This poster for Catherine Spaak's 1965 comedy La bugiarda—which would translate as “the liar” but which was known in English as Six Days a Week—is the excellent work of Italian illustrator Rodolfo Gasparri, who we've featured before. We have to stop there for a second and confess that, though Gasparri is a great talent, we can't help laughing whenever we see his name because it reminds us of the 1990 comedy The Freshman with Matthew Broderick, where's he's greatly dismayed to have the fake identity Rodolfo Lasparri forced upon him. Minor difference in the name, but still. Anyway, we weren't able to track down La bugiarda to watch, but we thought Gasparri's brilliant version of Spaak as a sort of elongated pin-up was worth a share. We liked it so much, in fact, that we wiped off a little text and made a clean zoom below. You can see more from Gasparri here and here. You can also see Spaak in one of the greatest outfits ever at this link.
She's a wolf in psycho's clothing.
The two posters you see above were made for the Italian movie La lupa mannara, known in English variously as Legend of the Wolf Woman, Werewolf Woman, and She-Wolf. You get more or less what you expect here. Annik Borel has nightmares about being a werewolf, which would be pretty random, except it so happens that an ancestor from two centuries ago was burned by villagers who thought she was the real thing. As Borel's werewolf obsession advances she's inhabited or haunted—if perhaps only imaginarily—by the spirit of this allegedly lyncanthropic forebear. She then roams the local landscape killing unsuspecting men, until she meets one who makes her drool—with sexual desire. But is she really a werewolf, or is she just nuts?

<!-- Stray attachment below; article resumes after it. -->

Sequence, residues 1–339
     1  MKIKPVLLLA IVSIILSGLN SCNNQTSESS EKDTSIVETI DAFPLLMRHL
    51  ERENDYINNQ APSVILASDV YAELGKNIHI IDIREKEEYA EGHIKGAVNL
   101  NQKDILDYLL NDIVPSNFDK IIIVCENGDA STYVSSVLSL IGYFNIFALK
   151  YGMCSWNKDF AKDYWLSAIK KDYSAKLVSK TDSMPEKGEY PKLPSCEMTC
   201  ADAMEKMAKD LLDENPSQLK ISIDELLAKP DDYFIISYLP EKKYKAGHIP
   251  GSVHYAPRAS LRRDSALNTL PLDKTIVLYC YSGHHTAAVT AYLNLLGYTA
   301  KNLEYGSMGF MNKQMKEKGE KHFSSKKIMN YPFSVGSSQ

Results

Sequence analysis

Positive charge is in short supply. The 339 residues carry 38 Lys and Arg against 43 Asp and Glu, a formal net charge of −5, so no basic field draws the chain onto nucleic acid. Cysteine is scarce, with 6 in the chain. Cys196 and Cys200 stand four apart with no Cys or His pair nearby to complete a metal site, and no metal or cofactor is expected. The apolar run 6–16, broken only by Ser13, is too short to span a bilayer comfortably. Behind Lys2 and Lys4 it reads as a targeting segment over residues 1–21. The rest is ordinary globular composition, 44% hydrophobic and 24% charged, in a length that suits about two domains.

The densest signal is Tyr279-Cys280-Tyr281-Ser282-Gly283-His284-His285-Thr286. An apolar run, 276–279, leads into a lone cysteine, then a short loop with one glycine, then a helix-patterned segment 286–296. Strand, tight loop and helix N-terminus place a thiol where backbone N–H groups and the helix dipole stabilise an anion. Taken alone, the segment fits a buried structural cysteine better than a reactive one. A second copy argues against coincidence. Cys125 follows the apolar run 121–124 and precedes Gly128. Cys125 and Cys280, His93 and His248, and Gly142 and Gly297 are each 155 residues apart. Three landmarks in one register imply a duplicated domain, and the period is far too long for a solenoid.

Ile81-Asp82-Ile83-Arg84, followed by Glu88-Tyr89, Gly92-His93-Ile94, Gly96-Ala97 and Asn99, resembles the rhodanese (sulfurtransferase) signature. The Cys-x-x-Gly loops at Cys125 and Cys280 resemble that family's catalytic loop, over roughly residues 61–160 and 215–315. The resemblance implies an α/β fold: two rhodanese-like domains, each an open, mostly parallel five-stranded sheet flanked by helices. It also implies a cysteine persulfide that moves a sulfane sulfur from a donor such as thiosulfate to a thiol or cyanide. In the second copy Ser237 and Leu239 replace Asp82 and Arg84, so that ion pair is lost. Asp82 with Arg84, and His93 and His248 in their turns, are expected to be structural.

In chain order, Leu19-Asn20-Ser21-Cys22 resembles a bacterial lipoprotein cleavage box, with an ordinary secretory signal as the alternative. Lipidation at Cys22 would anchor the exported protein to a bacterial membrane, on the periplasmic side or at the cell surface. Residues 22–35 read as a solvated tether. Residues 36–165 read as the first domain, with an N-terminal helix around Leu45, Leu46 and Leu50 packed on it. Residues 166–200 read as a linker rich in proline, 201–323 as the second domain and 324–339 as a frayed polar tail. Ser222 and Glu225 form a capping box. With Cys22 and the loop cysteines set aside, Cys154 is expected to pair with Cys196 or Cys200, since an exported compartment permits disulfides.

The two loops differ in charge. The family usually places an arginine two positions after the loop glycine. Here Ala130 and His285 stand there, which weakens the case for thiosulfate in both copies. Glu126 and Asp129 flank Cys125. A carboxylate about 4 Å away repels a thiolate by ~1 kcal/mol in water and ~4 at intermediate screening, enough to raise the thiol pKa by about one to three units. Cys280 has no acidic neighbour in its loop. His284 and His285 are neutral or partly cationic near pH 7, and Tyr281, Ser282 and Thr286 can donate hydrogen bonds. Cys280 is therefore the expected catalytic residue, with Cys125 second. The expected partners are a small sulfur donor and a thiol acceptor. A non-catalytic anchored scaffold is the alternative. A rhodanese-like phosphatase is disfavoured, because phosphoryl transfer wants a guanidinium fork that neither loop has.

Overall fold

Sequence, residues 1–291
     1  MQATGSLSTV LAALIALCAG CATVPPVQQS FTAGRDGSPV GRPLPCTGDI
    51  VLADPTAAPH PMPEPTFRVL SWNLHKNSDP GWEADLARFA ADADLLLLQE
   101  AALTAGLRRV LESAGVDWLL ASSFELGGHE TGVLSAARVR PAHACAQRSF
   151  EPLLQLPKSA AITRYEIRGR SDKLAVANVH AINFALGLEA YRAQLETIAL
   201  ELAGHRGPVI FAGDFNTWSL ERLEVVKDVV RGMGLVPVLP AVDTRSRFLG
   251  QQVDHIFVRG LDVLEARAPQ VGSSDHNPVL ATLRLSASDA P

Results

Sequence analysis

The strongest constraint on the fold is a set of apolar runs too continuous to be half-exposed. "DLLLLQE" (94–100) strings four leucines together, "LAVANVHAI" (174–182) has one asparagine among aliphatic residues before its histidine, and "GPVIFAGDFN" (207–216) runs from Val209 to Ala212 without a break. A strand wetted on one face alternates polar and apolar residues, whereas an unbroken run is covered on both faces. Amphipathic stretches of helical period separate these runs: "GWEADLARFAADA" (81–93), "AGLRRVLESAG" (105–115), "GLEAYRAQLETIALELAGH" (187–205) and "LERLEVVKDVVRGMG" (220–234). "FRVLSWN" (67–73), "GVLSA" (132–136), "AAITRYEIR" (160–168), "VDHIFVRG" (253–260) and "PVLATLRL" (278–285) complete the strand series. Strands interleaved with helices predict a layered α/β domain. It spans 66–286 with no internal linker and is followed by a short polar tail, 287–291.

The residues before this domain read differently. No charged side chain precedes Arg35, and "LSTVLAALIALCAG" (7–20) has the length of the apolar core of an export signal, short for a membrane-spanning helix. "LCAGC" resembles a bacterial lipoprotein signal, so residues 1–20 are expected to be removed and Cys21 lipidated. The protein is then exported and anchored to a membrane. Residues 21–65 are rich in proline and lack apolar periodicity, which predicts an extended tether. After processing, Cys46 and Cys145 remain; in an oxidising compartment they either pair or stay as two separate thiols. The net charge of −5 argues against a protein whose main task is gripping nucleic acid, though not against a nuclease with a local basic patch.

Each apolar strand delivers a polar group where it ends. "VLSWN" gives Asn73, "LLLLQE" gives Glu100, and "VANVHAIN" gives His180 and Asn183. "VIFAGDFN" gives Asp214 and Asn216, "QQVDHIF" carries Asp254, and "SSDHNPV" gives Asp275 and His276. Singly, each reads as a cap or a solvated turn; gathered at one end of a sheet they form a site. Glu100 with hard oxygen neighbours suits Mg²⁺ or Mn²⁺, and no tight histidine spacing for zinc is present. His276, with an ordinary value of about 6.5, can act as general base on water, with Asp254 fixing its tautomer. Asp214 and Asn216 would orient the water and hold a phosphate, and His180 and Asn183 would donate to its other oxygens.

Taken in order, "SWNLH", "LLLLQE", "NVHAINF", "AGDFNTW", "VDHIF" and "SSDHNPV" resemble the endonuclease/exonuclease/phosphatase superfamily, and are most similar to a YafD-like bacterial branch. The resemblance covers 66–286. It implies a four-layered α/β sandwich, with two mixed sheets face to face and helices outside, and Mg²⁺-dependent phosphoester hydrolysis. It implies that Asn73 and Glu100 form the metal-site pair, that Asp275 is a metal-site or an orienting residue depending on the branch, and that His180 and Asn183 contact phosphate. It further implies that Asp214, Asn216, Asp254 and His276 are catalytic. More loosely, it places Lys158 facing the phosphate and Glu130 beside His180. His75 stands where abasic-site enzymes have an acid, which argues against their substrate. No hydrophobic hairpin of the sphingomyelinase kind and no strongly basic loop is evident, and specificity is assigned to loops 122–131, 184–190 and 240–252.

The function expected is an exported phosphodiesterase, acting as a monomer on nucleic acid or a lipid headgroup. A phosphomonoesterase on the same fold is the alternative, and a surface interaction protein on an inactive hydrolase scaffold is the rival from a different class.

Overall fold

Borel really gives this role her all, even channeling Linda Blair's bedbound possession scenes from The Exorcist, but since this is a sexploitation flick more than a horror movie, her body is considered by the filmmakers to be more important than her acting ability. Taking full advantage is director Rino Di Silvestro, who also helmed Women in Cell Block 7 and generally specialized in erotic fare. What he didn't specialize in was pacing, framing, blocking, and the like, and in the end the movie is murky and unterrifying. But it's of a particular era and style that's beloved by schlock aficionados the world over, and will certainly satiate the appetites of such viewers. Because the version of the film we watched didn't look all that great, we decided not to bother with screenshots. Instead we have a few production stills of Borel below being costumed as the werewolf. Seems like the makeup department always has the most fun. We should also note that the film features German b-actress Dagmar Lassander, who we last saw in Le foto proibite di una signora per bene, aka The Forbidden Photos of a Lady Above Suspicion, and Maria Renata Franco, who was in Emanuelle in America. Perhaps they'll serve as additional enticements. And lastly, we were not able to identify the poster artist. We've said it before—sign your work, people. La lupa mannara premiered in Italy today in 1976.